WASHINGTON, DC (July 18, 2012) -- Autism Speaks Executive Vice President of Programs and Services Peter Bell has been re-appointed as a member of the Presidents Committee for People with Intellectual Disabilities, which advises the President and Secretary of Health and Human Services (HHS) on issues that impact people with intellectual disabilities and their quality of life. Bell was first appointed to the Committee earlier this year.
The Committee consists of 21 citizen members appointed by the President and 13 ex officio (Federal Government) members designated by the President. Their charge is to improve the lives of people with intellectual disabilities and uphold their right to enjoy a quality of life that promotes independence, self-determination, and full participation as productive members of society. The Committees goals include the assurance of full citizenship rights, the reduction of the occurrence and severity of intellectual disabilities and the promotion of forward thinking programs and services and cutting edge assistive technologies to improve the lives of people with intellectual disabilities.
I am honored to continue representing Autism Speaks and the millions of individuals and their families who live with an intellectual or development disability (IDD), said Bell. The Presidents Committee is focused on making sure the IDD population is well supported, well represented and given the opportunity to lead the most meaningful lives they can. As the prevalence of autism continues to grow at an exponential rate, it is even more critical to raise awareness of these needs and to identify and quickly implement solutions that will benefit the IDD population.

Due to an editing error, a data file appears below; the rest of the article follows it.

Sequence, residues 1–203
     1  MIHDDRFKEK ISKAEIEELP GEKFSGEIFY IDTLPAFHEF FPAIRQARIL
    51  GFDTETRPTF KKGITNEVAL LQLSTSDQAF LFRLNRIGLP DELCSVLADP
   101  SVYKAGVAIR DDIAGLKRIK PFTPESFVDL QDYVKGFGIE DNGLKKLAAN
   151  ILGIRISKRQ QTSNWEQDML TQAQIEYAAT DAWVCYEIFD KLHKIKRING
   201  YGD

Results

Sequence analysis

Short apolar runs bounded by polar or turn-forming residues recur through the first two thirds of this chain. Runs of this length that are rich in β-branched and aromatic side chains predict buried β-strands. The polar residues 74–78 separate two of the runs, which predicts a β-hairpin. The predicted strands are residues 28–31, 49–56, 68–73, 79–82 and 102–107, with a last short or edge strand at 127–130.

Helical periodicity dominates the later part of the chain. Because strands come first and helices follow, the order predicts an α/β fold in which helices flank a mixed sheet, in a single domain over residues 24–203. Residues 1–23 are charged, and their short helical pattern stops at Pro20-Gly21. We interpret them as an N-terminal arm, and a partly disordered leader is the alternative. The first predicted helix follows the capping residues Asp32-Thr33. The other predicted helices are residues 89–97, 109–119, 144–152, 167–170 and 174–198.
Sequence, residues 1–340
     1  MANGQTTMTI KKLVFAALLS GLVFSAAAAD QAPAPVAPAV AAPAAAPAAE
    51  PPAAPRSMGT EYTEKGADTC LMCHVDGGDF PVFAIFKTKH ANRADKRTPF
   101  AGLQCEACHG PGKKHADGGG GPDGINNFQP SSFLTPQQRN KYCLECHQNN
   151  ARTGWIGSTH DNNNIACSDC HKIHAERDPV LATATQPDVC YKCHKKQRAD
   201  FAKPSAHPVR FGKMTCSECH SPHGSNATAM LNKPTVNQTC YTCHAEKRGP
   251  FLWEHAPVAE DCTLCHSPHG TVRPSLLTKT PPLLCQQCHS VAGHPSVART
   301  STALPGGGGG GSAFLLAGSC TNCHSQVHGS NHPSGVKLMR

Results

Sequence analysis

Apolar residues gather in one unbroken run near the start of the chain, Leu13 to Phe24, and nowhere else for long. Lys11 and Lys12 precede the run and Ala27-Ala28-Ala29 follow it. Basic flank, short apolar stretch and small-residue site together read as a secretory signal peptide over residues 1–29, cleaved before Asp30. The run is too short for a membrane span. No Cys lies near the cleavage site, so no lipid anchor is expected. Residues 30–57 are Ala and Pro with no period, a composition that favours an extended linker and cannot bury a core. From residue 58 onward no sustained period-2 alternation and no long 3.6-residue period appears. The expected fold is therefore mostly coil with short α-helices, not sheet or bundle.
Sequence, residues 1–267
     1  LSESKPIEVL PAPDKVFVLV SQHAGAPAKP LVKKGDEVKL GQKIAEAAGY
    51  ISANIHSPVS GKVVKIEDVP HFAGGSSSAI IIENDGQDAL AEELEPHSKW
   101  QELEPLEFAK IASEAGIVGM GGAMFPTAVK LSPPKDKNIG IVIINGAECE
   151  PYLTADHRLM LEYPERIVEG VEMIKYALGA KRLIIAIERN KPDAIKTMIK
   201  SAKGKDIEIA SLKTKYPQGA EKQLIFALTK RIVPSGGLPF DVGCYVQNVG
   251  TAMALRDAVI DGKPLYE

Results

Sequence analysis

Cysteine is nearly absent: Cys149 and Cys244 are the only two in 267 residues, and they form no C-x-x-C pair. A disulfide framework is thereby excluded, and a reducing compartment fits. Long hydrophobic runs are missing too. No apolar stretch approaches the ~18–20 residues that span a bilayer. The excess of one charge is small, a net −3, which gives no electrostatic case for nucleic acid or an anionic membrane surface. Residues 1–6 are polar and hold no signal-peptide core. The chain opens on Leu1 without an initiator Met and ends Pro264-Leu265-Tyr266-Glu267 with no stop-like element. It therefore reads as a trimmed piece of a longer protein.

Bell, the father of a teenage son with autism, oversees Autism Speaks government relations and family services activities and also serves as an advisor to the science division. He serves on numerous boards and commissions, including as co-founder and president of Advancing Futures for Adults with Autism (AFAA), chair of the Community Advisory Committee of the International Society for Autism Research (INSAR), and former chair and member of the Integration Panel of the Department of Defense Congressionally Directed Medical Research Programs for autism research.